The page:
“Even when you carefully plan and budget for a vacation, additional travel expenses often crop up, thanks to a sneaky technique called drip pricing,” warns the Better Business Bureau (BBB), which offers these tips to avoid getting soaked by the hidden travel fees of drip pricing.


Find out: How to Vacation on a Budget as Costs Rise in 2022


Vladimir Vladimirov


Many hotels and resorts don’t list “destination” or “urban” fees prominently on their website, according to the BBB. Instead, you must click through several pages to find the total price.


To avoid paying resort fees, the best option is to avoid booking hotels or resorts that charge such fees. Another way to avoid resort fees is to charge enough on a hotel-brand credit card to earn “elite” or another status that waives resort fees on hotel and resort stays.


Find out: 6 Tips for Saving Money on Summer Vacation Travel


Hidden city taxes can ratchet up the total cost on a hotel or resort. “Some cities charge hotel or hospitality taxes, which aren’t included in the hotel’s nightly rate,” says the BBB. “Check the total amount you’ll be charged before paying to see if you are charged any extra taxes.


Find out: Tips That Can Help Save You Money on Your Next Vacation


Just because a hotel or resort advertises “shuttle service to the airport” doesn’t mean you’re getting a free ride. Call the hotel and make sure the shuttle service is free before booking. If there’s a fee for the shuttle service, compare the price with what you’d pay for Uber or Lyft.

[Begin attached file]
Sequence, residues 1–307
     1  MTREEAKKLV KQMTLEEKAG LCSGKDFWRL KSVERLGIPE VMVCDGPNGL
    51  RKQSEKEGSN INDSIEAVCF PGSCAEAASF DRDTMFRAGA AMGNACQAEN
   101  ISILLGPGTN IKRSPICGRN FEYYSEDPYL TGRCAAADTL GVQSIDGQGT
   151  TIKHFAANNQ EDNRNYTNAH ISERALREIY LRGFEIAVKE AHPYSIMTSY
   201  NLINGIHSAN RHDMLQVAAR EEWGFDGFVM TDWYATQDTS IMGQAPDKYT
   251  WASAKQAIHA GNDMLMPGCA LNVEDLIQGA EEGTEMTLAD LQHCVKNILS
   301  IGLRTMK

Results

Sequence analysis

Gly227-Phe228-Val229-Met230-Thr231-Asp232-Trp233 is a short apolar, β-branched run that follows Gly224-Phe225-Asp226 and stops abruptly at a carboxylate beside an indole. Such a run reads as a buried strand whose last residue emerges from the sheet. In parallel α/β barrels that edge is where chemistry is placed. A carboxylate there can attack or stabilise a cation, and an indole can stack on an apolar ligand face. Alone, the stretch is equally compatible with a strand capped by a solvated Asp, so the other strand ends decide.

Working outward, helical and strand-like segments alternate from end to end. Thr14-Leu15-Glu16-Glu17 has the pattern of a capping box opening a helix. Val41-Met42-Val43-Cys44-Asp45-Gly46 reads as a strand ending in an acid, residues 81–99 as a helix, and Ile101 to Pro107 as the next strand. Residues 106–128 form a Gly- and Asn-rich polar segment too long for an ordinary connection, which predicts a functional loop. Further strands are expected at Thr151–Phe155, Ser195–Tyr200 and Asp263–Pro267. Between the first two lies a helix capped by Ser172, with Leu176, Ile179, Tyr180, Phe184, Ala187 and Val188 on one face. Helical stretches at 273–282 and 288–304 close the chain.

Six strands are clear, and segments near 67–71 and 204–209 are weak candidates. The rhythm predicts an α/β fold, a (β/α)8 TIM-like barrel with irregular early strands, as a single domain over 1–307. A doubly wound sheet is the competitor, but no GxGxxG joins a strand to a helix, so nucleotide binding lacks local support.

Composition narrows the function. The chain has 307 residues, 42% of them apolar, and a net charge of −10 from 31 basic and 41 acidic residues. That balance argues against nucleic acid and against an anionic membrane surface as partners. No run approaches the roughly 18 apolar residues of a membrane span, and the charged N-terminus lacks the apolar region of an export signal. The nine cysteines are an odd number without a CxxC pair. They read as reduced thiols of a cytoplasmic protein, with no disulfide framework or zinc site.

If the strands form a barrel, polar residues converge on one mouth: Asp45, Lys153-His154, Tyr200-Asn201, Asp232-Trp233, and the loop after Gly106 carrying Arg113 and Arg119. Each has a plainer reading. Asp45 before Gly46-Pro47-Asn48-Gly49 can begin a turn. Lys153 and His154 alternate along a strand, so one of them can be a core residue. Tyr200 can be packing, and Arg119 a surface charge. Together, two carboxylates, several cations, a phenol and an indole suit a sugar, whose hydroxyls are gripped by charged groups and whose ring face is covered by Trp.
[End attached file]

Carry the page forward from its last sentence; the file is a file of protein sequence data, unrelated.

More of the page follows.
You may be better off booking a rideshare service to and from the airport.


Find out: The Cost of Driving vs Flying




It makes sense to assume that when a hotel or resort advertises parking on the premises, you can park your car for free. However, that’s not always the case.


“Not all hotels offer free parking, so ensure this is included before you book, especially in high-traffic areas with limited parking space,” advises the BBB.


When you see photos on a hotel’s website of guests lounging on cabana-covered beach chairs, you may assume that’s just one of many luxury amenities included in the rate. That assumption that all amenities are included can cost you more than you planned for your travel budget, however.


Some hotels charge fees that boost the total price of the stay for amenities like a continental breakfast, poolside towels, in-room snacks, and early check-in, according to the BBB.


Find out: Practical Ways to Save Money During Your Next Vacation


If you book a flight with an airline that advertises no cancellation fees, don’t simply assume that the airline will refund your ticket price if you cancel. For example, Southwest Airlines doesn’t charge cancellation fees. Instead, the airline credits the amount that you can use when you book future flights.


Find out the specifics — including whether the voucher or credit for canceling must be used within a certain time frame — of an airline’s cancellation policy before booking.


This article originally appeared on and was syndicated by


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Featured Image Credit: Manuel Faba Ortega / iStock.